Electrical DIY Work

SAFETY PRECAUTIONS 1 Electricity can kill. Treat it with respect. 2 If unsure about the safety of any equipment, consult an electrician. 3 Remove plugs before examining equipment and switch off at the mains before working on fixed equipment. 4 Do not overload circuits by using too many adaptors. 5 Do not use wall switches…

Wiring a ring circuit

Wiring a ring circuit

A ring circuit is a multi-outlet power circuit which may supply an unlimited number of 13-amp plugs, socket outlets and fixed appliances but is limited to supplying an area not exceeding 1000 sq ft (100 sq. m). Where the floor area exceeds this, more than one ring circuit is necessary. It is wise to install…

Repairing and Maintaining Refrigerators and Freezers

Repairing and Maintaining Refrigerators and Freezers

Refrigerators and freezers are designed to keep perishable foods for varying lengths of time by storing them under suitable conditions and at the right temperature. The appliances work by means of a liquid refrigerant flowing through tubes which vapourizes into a gas and absorbs the heat from its surroundings — the freezing unit and refrigerator;…

Storage fan heaters

Storage fan heaters

A storage fan heater resembles in appearance a storage radiator, but it is generally larger and has an inlet and outlet grille. The fan heater is normally of a higher loading and contains a tangential fan. This draws in cold air which passes through ducting in the storage casing and over the storage blocks, where…

Wiring a converted loft

Wiring a converted loft

Extending existing electrical wiring into the roof space to allow extra lighting points and socket outlets is generally similar to wiring extensions in other parts of the house. Switches, ceiling roses, socket outlets and other wiring accessories can be similar to those used in other parts of the house. They will usually be made of…

Types Of Time Switches

Types Of Time Switches

The conventional vacuum-operated time lag switch – used with stair and corridor lighting to save electricity – will operate for up to five minutes, but can be dangerous to stair users because it gives no warning before cutting out. The control, which can also be fitted in place of any square-plate switch, comes in a…

How To Fit Dimmer Switches

How To Fit Dimmer Switches

The dimmer is an electronic device which contains a semi-conductor, associated components and a TV suppressor. But unlike the old resistor dimmer, which consumed unwanted wattage and became very hot, the modern version does not use a significant amount of electricity and can be regarded as an energy saver. These switches have been designed to…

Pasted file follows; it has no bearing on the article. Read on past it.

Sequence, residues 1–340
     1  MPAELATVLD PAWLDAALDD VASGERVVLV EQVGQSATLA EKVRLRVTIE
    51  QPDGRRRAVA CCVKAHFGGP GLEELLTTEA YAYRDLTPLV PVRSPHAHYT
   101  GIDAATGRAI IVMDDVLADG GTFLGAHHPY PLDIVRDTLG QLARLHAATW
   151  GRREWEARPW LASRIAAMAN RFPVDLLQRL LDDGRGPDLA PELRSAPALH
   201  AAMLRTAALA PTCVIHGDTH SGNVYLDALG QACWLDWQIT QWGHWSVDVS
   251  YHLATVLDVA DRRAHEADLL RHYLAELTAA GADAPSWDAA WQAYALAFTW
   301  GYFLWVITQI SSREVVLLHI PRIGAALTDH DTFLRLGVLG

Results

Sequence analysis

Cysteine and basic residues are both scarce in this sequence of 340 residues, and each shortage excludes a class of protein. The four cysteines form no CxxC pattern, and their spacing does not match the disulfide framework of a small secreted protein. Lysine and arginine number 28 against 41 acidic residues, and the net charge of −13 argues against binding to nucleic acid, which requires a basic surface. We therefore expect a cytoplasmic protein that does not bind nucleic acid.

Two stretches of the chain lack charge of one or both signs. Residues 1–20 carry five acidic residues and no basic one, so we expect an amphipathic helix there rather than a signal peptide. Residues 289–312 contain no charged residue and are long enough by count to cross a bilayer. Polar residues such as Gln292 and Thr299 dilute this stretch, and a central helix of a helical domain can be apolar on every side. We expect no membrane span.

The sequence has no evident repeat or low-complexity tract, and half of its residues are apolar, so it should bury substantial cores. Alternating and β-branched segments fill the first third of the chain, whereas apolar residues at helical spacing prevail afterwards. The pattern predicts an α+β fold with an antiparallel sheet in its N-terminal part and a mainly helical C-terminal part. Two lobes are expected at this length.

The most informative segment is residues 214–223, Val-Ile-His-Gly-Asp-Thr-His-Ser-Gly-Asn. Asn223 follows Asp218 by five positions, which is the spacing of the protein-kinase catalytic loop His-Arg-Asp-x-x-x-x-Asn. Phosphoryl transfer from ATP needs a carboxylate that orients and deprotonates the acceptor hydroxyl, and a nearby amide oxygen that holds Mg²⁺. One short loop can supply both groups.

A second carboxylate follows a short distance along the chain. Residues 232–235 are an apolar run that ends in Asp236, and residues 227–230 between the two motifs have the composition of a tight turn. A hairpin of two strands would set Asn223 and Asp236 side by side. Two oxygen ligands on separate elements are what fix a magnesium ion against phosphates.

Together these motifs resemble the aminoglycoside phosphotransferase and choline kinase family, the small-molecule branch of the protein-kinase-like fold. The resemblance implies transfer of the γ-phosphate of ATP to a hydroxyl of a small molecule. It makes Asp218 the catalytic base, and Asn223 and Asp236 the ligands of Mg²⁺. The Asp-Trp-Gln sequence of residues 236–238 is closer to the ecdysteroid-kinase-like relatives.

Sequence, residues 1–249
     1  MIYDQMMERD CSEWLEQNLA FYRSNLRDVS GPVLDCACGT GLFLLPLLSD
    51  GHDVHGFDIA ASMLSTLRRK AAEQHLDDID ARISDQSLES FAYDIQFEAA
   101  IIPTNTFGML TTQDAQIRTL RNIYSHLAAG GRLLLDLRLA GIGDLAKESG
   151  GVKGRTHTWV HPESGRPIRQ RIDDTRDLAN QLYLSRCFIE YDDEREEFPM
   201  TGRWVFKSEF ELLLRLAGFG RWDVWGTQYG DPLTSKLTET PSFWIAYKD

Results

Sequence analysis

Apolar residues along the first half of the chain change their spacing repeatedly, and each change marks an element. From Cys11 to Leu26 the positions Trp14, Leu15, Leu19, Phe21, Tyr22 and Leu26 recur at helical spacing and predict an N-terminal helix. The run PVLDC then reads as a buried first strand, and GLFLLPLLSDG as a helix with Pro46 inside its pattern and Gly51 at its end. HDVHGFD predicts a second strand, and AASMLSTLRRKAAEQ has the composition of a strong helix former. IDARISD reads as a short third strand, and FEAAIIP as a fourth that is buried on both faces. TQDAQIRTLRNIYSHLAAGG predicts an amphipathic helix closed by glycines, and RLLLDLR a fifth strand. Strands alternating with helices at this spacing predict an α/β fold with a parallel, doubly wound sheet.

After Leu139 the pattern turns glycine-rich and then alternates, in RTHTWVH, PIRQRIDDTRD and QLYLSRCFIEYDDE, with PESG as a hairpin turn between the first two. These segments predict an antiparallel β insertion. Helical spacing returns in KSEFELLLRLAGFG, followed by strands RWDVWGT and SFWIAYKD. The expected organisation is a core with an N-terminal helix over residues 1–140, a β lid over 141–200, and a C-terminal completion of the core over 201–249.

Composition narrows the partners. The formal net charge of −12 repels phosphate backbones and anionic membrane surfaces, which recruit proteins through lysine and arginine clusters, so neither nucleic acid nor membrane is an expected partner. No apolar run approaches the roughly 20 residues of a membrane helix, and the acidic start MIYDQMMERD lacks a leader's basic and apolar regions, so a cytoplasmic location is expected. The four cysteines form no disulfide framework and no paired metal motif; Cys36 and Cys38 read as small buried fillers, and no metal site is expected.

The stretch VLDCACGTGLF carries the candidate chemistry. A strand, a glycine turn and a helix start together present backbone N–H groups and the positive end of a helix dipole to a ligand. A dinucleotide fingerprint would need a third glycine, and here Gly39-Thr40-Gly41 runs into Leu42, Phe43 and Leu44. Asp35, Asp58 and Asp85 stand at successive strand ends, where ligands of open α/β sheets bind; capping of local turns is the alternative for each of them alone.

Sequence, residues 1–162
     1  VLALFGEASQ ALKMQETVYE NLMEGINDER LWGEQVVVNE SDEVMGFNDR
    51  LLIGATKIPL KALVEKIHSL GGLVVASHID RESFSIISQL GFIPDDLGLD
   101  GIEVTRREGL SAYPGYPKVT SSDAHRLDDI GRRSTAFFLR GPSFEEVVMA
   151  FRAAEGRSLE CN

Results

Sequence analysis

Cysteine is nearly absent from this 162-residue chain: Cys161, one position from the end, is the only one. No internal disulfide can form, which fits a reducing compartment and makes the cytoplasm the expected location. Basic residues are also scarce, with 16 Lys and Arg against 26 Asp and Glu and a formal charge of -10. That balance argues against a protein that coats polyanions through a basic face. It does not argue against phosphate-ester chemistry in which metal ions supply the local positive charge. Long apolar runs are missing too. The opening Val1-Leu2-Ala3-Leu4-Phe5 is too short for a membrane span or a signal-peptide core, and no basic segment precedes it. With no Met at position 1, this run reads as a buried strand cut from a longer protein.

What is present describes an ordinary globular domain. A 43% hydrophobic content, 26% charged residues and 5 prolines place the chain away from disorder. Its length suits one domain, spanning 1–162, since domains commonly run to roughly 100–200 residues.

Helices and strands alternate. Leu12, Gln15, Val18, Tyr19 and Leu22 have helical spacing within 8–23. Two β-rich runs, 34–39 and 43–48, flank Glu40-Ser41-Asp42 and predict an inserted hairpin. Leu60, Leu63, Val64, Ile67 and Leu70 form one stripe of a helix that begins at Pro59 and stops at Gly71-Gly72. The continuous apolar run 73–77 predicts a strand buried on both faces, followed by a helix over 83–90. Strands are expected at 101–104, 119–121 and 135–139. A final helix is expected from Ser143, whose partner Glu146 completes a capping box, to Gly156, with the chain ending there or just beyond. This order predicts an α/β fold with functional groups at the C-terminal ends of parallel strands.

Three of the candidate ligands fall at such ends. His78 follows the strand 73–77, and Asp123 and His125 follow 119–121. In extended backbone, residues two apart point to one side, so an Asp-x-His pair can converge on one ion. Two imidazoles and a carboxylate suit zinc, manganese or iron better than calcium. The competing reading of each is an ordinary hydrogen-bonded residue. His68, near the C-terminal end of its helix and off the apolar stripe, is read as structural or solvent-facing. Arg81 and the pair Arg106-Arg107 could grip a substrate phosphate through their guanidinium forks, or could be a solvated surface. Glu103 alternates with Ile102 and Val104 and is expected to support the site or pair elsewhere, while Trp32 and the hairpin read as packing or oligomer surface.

Wiring up sockets

Wiring up sockets

Electricity can be supplied where you want it, as long as you have enough outlets. You can install new power points or move existing ones yourself. Having done all the non-electrical work such as lifting boards, channelling plaster to take cables, or cutting recesses for the new knock-out boxes and installing them, it is time…

Wiring plugs

Wiring plugs

Probably the most common electrical job in the home is wiring a plug. It is crucial that the right core is fitted to the right terminal and that all connections are tight. Houses that have been wired or rewired in Britain since 1947 will be fitted with ring main circuits. These are continuous loops of…

Joining flex

One of the real dangers involving electricity is the joining up of flex, which can be a fire hazard. If you really have to do this job, always use a proper connector and check you have wired it up in the correct way. Whenever possible avoid joining flex. If you have to, always use a…

Stripping cable and flex

There are certain basic rules you must remember before you start to strip flex or cable for connecting to a plug or appliance or for wiring power or lighting circuits. Remove only sufficient insulation to enable the cores to be connected to the terminals; none of the bared wires should be exposed. Don’t stretch the…

Repairing fuses

When electric current passes through a wire it causes heating: the thinner the wire the greater the heat. Even the thick wire used in domestic wiring will overheat if too much current passes through it — and may easily set the house on fire. To prevent this, a fuse is built into every circuit. This…